The brand got its start almost 30 years ago as a uniform for preppy kids in Gen X high schools. Like its rivals, Aéropostale’s branded clothes signaled the wearer to be cool, conformist, and therefore acceptable in the suburban American high school. Now, with its name drained of that power, what else could it offer teens? Executives tried to copy the fast-fashion companies, like Zara and H&M, by offering similar, logo-less styles. It didn’t work, and even worse, the clothes were so different they pushed away the loyal shoppers who had stuck around. In its bid to survive, Aéropostale’s clothes lost their common design aesthetic, said Adheer Bahulkar, a partner at consulting firm A.T. Kearney’s retail practice. The brand’s identity was lost.
“There was a knee-jerk rush to reinvent themselves,” said Bahulkar. “People who loved their product couldn’t recognize it any more.”
In 2014, Geiger, the former CEO of cupcake shop Crumbs, was brought on to save Aéropostale. He tried to find a happy medium, selling fashion styles alongside the Aéropostale hoodies and T-shirt staples that had been typical of the label for the past decade. He rebranded the retailer Aero, with ads that promised teens that “We’ve changed.” Executives said they were trying to attract the “flirty tomboy,” a 14- to 17-year-old girl. On an earnings call early last year, Geiger was full of optimism. “Back-to-school will be a seminal period in which we will all see just how far we have come in the resurrection of one of America’s great young brands,” he said.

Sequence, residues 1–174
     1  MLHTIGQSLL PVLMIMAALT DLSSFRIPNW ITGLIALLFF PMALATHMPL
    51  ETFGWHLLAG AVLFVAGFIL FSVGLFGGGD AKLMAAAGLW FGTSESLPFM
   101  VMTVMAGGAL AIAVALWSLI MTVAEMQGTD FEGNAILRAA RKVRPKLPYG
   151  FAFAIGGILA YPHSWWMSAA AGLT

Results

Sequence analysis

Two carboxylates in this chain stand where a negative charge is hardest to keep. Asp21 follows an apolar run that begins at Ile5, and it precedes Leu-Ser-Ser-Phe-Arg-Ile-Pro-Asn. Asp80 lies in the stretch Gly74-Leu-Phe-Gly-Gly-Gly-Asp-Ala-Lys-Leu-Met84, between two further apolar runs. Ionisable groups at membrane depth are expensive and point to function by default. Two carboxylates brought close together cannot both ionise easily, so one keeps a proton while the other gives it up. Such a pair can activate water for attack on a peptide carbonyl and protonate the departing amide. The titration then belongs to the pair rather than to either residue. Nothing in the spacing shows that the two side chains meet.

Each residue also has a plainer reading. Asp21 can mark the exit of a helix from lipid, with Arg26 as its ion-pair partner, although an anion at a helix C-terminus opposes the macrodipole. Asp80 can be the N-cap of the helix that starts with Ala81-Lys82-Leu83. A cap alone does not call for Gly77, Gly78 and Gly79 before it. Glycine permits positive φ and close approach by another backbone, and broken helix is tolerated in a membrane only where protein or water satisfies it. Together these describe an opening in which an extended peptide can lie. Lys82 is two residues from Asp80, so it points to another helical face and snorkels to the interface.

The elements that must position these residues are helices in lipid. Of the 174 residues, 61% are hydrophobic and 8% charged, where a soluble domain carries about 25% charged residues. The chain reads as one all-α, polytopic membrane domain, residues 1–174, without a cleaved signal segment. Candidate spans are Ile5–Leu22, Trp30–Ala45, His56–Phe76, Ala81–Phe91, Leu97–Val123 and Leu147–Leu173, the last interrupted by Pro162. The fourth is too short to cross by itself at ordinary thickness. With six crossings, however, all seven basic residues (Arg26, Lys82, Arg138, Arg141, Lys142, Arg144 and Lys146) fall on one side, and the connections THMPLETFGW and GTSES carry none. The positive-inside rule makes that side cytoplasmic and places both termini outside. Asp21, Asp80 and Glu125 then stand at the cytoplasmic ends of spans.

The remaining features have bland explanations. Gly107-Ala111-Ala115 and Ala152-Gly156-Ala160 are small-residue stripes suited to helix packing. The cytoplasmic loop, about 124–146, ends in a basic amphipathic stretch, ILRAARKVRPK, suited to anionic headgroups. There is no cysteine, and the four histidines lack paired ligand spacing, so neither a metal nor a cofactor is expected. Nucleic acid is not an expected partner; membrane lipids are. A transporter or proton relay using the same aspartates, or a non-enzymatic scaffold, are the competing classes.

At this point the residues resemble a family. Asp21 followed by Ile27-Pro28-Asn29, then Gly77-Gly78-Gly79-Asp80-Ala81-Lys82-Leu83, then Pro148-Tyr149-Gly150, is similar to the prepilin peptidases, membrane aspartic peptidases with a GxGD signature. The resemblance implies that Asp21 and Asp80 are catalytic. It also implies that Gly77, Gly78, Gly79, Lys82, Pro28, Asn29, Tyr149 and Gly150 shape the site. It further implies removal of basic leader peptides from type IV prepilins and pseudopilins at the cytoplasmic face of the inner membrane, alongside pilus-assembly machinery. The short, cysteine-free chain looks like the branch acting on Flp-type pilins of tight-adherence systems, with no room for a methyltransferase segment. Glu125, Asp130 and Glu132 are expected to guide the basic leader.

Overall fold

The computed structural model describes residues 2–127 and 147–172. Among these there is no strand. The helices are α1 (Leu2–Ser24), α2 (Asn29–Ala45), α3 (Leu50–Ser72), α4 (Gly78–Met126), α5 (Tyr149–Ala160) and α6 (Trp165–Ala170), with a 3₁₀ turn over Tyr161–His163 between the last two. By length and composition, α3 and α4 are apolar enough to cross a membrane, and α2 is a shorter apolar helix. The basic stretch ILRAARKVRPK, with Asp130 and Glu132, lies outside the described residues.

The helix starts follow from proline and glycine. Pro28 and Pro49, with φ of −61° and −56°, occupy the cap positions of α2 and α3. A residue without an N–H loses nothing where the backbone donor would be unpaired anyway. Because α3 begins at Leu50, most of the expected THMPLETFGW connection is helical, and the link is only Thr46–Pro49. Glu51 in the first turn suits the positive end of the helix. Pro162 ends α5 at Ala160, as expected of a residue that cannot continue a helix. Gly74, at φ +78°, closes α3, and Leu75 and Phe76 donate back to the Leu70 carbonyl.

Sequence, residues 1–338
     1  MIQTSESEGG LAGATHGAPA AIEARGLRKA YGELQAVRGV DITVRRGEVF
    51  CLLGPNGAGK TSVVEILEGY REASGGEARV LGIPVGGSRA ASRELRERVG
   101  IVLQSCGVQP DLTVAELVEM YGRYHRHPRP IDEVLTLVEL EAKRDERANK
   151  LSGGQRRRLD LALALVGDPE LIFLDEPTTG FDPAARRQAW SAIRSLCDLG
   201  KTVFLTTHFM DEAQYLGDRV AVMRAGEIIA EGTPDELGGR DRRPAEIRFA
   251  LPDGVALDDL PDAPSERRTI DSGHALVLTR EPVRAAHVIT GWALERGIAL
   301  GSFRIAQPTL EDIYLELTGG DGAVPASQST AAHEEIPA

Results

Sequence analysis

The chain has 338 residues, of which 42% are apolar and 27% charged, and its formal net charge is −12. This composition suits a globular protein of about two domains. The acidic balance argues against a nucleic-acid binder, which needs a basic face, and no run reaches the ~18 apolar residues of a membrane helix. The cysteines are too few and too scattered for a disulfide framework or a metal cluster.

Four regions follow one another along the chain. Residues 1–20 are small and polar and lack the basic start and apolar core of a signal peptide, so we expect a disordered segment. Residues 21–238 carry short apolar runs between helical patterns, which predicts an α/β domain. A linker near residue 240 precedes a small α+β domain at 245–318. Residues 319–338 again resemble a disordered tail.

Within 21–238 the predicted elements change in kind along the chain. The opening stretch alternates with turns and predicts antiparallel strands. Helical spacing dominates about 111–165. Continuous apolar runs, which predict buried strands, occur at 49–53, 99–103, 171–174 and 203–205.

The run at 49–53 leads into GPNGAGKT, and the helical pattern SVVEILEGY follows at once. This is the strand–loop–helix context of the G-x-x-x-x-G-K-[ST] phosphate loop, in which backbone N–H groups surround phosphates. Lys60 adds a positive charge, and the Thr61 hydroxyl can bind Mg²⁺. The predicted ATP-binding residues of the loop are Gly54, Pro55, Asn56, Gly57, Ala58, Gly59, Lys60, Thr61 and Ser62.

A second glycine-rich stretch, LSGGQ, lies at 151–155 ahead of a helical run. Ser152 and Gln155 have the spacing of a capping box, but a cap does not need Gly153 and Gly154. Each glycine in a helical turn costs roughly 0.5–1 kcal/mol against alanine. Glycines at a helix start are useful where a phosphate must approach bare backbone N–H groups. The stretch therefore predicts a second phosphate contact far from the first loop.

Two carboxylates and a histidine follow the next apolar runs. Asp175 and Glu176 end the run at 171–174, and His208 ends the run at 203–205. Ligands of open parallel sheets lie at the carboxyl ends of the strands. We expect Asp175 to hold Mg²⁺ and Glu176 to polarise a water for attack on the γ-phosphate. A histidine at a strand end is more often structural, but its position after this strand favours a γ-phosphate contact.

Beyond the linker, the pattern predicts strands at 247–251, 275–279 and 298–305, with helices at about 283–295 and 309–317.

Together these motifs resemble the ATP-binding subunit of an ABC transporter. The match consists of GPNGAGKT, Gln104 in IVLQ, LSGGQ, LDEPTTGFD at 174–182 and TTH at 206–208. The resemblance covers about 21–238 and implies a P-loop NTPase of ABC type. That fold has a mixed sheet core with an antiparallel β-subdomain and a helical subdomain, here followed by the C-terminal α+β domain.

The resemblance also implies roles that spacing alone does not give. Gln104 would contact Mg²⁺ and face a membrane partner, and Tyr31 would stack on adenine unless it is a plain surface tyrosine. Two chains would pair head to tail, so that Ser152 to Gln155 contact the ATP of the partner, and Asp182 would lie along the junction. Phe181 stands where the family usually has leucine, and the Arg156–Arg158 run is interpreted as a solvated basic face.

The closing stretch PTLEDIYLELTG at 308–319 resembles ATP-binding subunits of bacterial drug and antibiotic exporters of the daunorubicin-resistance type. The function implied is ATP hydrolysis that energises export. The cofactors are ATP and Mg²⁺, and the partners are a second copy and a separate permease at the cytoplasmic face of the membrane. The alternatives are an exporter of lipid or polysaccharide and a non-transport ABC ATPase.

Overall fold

Back-to-school was a disaster. Aéropostale filed for bankruptcy before summer vacation.
Throughout Geiger’s unsuccessful attempt to save the company, distractions were rampant. His former deputy was found guilty of fraud for bilking the company of millions of dollars. Management had disagreements with lender Sycamore Partners, a private equity firm that acquired a chunk of the company in 2013. Later, in bankruptcy court, Aéropostale accused Sycamore of attempting a “loan to own” scheme to purposefully cause defaults. The judge found no wrongdoing.
One last chance
Aéropostale was desperately looking for a white knight to help it out of court protection. Initial bidders only wanted to liquidate. In the end, mall owners stepped in to save their tenant and keep its stores alive. In an uncommon move, the consortium of investors that bought Aéropostale included Simon Property Group and General Growth Properties, landlords that house 237 of the distressed retailer’s clothing shops.
Whether the deal will go through, and how the brand may be overhauled to appeal to teens or even adults, remains to be seen. But Aéropostale should take solace in the experience of its rivals.
American Eagle’s recovery is being led by a newfound focus on its denim. By recasting its jeans, which it was already known for, as the prime draw, the label has found a new identity. A&F is steering its flagship name upstream, adding more sophistication to its clothes with the hopes of drawing in older customers. So far, it’s been able to stem the bleeding.
Jamie Salter, the CEO of Authentic Brands Group, the brand management firm tasked with Aéropostale’s resuscitation, said he’ll look to “grow the Aéropostale brand on a global scale.” How that will happen is the big question, and not just for Aéropostale. America’s biggest clothing brands are trying to figure it out, too.
By Kim Bhasin; editor: David Rovella.